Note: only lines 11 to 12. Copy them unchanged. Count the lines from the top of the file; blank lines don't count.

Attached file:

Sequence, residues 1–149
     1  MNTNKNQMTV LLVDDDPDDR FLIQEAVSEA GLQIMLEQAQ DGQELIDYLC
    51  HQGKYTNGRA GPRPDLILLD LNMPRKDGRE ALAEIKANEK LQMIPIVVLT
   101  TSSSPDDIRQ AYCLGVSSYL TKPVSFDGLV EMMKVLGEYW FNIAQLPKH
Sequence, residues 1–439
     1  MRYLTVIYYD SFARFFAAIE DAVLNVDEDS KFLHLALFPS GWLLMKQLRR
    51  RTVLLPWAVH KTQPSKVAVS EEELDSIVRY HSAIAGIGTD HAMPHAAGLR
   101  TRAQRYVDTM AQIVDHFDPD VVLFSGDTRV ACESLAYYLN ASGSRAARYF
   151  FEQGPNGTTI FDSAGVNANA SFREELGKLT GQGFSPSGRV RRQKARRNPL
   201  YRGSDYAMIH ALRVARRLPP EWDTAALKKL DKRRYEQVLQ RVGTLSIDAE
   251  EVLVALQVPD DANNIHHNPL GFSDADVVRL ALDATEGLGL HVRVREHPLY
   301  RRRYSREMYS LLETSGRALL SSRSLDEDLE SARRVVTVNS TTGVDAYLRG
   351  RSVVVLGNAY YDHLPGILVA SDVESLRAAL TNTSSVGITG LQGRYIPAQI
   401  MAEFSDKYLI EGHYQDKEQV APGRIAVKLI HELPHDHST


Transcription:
   251  EVLVALQVPD DANNIHHNPL GFSDADVVRL ALDATEGLGL HVRVREHPLY
   301  RRRYSREMYS LLETSGRALL SSRSLDEDLE SARRVVTVNS TTGVDAYLRG